In passive communication style, managers avoid to express their needs, feelings, and feel shy to protect their rights. In aggressive communication style, managers express their feelings and opinions and advocate for their needs in a way that violates the rights of employees. While passive managers are usually unable to convey the full thrust of their message, causing irritation, delays, and rework, aggressive managers tend to be less concerned with moving things along than in preserving their own status and power over employees, though they may be successful in completing short-term goals (Newbold, 1997). Between these two extreme styles, is the assertive style. Assertiveness is a behaviour that enables managers to act in their own best interest and to stand up for themselves without denying rights of others (Arredondo, 2003). It facilitates good interpersonal interaction (Lwehabura and Matovelo, 2000) and is characterised by honesty, objectivity, openness, tolerance, accuracy, self-expression, and respect for self and others. Assertiveness can be used for creating mutual understanding and fulfilling objectives (Lwehabura and Matovelo, 2000). Assertive managers respect the needs of employees and go through the mental process of assessing what they need to know and how. Assertive managers also have the skills and confidence to challenge ambiguity and misunderstanding (Newbold, 1997). When the communication style of managers is straightforward and accurate, employees view managers as trustworthy (Tschannen-Moran and Hoy, 2000).

This openness facilitates employees’ understanding of tasks and enables responsible decision making (Moye and Henkin, 2006). Assertive managers differ from aggressive managers. Aggressive managers attack or ignore employees’ opinions in favour of their own. They usually react to the given situation in a rude, derogatory, and sarcastic manner which escalates employees’ anxiety. On the other hand, assertive managers state their opinions while being respectful to employees. While aggressive managers fail to establish relationships with their employees, assertive managers build long-term relationships. The assertive communication style enables a manager to express his/her opinions and thoughts in a direct way without attacking others, refuse an unreasonable request without feeling guilty, give employees “constructive feedback” instead of “criticism”, give recognition and praise to employees at the right time and create a motivational climate, deliver a firm message by asking “questions” through a clever approach or
ask effective questions to probe for facts and provoke for ideas, trust employees, and create a collaborative and congenial working environment. Employee attitudes can make or break business profitability and sustainability efforts. Although it can be difficult to change the atmosphere in a toxic workplace, it’s possible with positive thinking and actions. Listening to employee complaints and offering constructive feedback and resolutions encourages positive thinking. Learning how to appease and motivate employees can salvage talent from even the most negative work environments. Once you manage to change employee attitudes, your business can move in a positive direction.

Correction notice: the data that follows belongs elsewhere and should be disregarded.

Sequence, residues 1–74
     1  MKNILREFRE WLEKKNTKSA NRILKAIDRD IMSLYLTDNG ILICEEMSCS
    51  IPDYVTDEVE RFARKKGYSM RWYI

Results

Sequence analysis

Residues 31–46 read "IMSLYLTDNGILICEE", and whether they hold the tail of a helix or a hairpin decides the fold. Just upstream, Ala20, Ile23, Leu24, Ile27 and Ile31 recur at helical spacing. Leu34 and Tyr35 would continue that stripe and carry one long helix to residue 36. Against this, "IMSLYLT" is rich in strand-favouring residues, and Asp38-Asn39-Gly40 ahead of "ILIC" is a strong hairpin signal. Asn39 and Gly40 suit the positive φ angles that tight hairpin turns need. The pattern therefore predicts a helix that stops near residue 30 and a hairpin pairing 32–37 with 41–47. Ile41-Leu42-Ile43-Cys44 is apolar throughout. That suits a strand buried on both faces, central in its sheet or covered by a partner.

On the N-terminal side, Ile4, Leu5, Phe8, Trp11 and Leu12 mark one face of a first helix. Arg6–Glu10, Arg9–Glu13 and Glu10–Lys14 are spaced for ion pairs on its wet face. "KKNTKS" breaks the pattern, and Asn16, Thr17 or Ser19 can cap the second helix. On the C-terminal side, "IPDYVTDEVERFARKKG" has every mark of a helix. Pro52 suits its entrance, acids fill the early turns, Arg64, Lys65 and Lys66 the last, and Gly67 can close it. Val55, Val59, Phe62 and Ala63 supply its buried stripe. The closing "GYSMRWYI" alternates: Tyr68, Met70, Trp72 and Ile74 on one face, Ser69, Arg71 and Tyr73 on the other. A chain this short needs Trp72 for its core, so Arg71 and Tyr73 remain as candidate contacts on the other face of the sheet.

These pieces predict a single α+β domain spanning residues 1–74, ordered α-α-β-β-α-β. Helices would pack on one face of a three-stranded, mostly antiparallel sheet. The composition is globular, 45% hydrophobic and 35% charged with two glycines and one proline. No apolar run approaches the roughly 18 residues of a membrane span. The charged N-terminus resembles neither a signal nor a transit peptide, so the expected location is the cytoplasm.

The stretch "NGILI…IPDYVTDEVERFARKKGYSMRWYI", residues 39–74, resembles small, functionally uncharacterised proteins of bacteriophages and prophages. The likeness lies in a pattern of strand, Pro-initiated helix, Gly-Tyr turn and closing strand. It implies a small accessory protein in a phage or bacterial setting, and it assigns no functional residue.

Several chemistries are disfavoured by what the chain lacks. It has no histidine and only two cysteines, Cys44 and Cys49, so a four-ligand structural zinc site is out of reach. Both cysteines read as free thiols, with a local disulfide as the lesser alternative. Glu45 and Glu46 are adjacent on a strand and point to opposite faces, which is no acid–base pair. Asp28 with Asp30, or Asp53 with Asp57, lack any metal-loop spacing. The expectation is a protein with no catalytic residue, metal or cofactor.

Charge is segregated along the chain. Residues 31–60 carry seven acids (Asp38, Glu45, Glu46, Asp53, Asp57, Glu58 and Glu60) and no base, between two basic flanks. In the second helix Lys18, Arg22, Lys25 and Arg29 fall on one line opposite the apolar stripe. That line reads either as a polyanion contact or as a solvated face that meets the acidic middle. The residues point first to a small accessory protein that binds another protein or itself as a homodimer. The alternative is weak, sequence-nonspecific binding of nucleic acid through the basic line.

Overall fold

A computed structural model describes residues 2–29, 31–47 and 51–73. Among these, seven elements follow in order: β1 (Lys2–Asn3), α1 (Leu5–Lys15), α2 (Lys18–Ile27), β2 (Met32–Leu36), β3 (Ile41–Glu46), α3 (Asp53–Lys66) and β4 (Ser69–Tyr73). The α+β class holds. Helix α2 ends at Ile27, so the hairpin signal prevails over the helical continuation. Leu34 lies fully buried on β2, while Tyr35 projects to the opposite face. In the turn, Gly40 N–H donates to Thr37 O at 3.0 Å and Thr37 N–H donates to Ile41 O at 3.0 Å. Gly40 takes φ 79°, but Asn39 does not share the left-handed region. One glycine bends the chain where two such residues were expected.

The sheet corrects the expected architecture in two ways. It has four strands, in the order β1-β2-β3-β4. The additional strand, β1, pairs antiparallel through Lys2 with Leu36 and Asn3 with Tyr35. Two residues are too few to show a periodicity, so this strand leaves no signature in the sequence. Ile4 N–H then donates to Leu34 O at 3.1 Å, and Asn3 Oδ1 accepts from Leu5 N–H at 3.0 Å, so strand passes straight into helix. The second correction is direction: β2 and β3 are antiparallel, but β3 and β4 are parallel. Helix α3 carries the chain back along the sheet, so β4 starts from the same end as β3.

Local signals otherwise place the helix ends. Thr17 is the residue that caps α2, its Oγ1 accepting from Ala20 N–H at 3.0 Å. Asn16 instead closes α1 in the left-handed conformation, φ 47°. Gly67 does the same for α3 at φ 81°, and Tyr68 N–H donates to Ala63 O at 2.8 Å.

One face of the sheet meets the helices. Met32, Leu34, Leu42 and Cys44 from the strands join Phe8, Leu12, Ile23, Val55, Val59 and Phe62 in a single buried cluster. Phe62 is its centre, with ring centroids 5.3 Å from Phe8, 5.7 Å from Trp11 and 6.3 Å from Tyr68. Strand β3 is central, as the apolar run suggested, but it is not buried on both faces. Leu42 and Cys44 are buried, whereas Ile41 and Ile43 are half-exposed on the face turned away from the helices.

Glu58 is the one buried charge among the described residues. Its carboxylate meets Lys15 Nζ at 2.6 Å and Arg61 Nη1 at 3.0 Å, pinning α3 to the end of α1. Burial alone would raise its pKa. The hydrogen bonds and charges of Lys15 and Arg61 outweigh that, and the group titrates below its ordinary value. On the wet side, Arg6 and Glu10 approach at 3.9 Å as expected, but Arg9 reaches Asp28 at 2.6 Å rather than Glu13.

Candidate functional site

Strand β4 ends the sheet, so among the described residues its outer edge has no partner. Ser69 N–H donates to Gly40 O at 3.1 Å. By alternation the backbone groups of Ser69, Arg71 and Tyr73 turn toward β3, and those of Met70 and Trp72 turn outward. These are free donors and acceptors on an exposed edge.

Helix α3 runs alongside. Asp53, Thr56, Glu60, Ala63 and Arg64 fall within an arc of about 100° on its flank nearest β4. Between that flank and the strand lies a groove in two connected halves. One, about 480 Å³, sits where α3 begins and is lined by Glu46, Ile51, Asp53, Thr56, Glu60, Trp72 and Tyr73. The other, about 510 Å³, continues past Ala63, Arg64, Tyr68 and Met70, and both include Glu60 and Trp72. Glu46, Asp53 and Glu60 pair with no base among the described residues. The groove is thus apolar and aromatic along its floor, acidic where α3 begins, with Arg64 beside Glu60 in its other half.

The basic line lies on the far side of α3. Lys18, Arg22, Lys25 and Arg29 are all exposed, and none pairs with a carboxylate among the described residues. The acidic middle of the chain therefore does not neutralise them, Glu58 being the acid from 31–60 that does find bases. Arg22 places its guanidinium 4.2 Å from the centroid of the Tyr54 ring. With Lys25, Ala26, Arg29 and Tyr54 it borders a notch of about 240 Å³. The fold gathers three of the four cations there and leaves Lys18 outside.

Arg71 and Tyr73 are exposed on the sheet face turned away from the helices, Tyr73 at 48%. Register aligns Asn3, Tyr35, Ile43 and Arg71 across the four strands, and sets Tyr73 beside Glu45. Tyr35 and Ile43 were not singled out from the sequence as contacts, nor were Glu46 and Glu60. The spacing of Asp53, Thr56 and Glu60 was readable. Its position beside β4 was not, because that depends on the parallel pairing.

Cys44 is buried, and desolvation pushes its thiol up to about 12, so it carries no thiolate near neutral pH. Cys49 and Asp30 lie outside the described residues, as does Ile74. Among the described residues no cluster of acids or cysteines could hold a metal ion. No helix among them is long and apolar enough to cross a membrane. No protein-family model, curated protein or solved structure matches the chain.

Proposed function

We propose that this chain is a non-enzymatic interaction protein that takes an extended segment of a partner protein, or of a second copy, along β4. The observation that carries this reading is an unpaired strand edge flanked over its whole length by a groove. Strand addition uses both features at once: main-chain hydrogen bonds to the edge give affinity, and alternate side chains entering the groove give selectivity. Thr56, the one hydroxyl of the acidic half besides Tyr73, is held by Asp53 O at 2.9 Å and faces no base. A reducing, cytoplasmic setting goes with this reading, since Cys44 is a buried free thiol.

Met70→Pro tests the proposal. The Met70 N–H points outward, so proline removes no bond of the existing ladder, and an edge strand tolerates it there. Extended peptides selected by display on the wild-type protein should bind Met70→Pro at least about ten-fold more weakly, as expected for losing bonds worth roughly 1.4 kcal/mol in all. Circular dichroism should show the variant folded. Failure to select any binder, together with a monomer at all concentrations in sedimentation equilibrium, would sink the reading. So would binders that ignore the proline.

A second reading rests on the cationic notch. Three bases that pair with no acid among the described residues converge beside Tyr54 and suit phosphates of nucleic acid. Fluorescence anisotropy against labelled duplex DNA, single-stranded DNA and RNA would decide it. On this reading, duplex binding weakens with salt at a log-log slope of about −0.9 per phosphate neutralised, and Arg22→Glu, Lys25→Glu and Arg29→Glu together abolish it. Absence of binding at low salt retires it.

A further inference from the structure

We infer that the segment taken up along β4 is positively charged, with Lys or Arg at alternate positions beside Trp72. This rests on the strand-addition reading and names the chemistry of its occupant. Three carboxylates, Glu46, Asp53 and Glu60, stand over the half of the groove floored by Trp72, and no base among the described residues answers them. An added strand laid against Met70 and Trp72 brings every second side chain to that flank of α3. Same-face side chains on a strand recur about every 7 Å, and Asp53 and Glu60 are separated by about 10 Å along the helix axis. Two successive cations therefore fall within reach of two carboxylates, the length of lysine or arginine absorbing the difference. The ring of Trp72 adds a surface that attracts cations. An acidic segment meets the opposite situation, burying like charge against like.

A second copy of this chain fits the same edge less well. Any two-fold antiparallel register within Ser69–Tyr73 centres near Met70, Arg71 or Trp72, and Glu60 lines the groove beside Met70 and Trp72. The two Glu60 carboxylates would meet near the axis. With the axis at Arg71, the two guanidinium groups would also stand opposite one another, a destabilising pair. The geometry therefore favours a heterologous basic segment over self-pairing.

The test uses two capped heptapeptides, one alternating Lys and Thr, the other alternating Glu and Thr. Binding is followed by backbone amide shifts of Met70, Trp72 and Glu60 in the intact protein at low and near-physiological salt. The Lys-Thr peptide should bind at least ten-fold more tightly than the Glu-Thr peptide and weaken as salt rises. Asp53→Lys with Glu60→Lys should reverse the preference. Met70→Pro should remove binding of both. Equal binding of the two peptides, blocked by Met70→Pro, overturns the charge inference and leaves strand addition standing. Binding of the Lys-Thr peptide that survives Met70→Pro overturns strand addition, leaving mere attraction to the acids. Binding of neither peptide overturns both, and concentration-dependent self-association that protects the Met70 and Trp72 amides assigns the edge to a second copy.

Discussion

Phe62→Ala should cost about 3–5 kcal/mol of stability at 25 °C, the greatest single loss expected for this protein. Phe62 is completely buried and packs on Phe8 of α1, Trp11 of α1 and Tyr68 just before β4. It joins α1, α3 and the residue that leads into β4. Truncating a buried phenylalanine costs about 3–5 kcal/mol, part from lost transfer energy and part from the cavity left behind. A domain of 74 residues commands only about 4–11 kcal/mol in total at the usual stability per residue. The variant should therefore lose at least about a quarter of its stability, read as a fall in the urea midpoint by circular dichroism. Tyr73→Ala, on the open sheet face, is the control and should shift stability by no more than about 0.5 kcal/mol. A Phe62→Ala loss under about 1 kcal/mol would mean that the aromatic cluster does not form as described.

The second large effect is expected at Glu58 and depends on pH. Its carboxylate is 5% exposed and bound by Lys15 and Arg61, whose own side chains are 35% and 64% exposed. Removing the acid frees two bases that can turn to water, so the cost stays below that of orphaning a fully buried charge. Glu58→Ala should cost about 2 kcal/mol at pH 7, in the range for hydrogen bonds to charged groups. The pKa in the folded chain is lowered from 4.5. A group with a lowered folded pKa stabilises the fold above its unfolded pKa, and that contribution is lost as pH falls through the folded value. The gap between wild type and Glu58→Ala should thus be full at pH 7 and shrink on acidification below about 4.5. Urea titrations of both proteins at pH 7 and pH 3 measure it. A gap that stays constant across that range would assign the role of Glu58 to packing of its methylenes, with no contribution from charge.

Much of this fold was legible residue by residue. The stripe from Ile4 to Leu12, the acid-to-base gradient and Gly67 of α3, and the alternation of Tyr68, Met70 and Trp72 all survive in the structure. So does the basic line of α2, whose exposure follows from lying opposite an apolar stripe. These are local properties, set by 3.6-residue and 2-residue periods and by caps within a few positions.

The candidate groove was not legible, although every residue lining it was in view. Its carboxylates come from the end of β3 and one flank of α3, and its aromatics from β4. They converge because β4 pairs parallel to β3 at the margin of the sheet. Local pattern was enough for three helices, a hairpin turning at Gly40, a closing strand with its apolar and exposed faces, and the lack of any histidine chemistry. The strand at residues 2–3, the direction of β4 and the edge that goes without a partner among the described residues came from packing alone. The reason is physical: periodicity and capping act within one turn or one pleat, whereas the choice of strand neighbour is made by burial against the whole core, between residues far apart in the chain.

Today’s business world has just one constant–change. No matter what industry your company competes in, the business environment is always evolving. In order to survive, your business must also evolve. Too often your employees will encounter these environmental changes and respond with a negative attitude. Poor employee attitudes can derail your business efforts. This makes the managing of employee attitudes a critical management function.

A negative attitude in the workplace is expressed as cynicism about job tasks, a disinterest in working with others and insubordination toward authority. The negative attitude may be subtle; for example, the employee may come in late or make frequent sarcastic comments. Both overt and discreet expressions have ramifications on an office environment. Dorene Ciletti, author of “Market Yourself,” states that a worker who exudes a negative attitude tends to be monitored carefully and is unlikely to be promoted. Coworkers also express caution about working with an individual who may weigh the project down with his bad attitude.

An employee with a positive attitude shows enthusiasm and curiosity about her job. She is invested in the outcome of projects and the company as a whole. Harold Wallace, author of “Personal Development for Life and Work,” explains that an employee with a positive attitude has the potential to electrify the entire workplace. Such an attitude has the potential to increase worker productivity and overall job satisfaction.

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  • Type of paper: Thesis/Dissertation Chapter

  • Date: 19 March 2016